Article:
Designing Water Smart Landscapes
by Keith C. Hansen, Extension Horticulturist
Many East Texas summers can be very tough on our landscapes. Record breaking heat waves and extended droughts have taken a toll on lawns, shrubs and even tough, long- lived trees. One lesson is very clear – that rainfall in the summer time can be very sporadic, or even absent for very long periods of time, requiring regular supplemental irrigation to keep thirsty lawns and plants alive.
Many communities have implemented water rationing when water delivery systems could not meet demand, or water supplies fell short during prolonged periods of drought. Outdoor watering is severely restricted or banned during these times, creating hardships on water-thirsty landscapes.
Over the last 20 years, there has been a movement to promote the creation of water smart landscapes, with concepts like Xeriscape Landscaping ™ and Water Smart being the most visible in Texas. These water saving landscaping concepts incorporate several landscaping principles which help reduce the overall demand for irrigation water to maintain landscaping, while at the same time promoting attractive, region- specific yards that anyone would be proud to call their own.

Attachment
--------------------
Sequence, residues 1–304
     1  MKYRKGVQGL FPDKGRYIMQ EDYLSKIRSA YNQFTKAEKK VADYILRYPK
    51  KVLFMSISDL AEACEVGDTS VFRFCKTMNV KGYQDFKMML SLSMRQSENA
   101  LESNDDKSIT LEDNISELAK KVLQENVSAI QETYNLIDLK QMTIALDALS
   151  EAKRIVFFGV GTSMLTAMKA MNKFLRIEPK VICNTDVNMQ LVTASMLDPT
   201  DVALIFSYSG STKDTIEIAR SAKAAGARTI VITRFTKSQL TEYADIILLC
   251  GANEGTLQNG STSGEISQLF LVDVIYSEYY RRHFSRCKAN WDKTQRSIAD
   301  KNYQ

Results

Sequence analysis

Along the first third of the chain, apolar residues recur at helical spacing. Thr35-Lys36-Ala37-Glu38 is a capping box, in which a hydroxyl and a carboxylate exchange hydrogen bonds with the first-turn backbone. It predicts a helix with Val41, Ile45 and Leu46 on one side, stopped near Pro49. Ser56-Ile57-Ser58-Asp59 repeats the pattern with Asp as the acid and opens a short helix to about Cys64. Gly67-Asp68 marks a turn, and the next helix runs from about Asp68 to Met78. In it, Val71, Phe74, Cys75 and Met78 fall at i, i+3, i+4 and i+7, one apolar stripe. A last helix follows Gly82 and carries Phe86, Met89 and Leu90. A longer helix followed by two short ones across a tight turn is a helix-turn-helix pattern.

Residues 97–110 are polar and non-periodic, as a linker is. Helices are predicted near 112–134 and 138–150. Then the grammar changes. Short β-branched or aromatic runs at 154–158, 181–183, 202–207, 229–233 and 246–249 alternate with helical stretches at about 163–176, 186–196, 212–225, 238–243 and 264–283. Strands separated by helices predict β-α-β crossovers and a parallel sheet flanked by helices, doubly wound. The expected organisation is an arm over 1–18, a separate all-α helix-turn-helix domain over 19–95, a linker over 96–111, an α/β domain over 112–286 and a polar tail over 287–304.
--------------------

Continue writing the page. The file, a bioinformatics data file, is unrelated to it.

Water-smart landscapes are not rock and cactus. Dr. Doug Welch, an Extension horticulturist and proponent of Xeriscape landscaping, says a well-designed Xeriscape landscape should look like it belongs in any popular home and gardening magazine – in other words, a creative, beautiful solution to reducing the yard’s need for supplemental irrigation water.
You don’t necessarily have to totally redo your yard to achieve substantial water savings. Many simple ideas can be incorporated into existing landscapes. Major renovations could take place over a period of several years. Basically, using good, fundamental landscape design techniques will lead to not only an attractive yard, but also to water savings. Let’s look at some ways to design a water smart yard.
Start With a Good Design
Every great landscape, whether consciously designed for water conservation or not, starts with a well thought out plan laid out on paper. Begin with a survey of your property’s characteristics that affect both plant growth and development, and the intended use of each main section of your property. This would include things like sun and shade patterns during the day and throughout the year, drainage patterns and slopes, desirable and objectionable views, areas needing privacy, etc.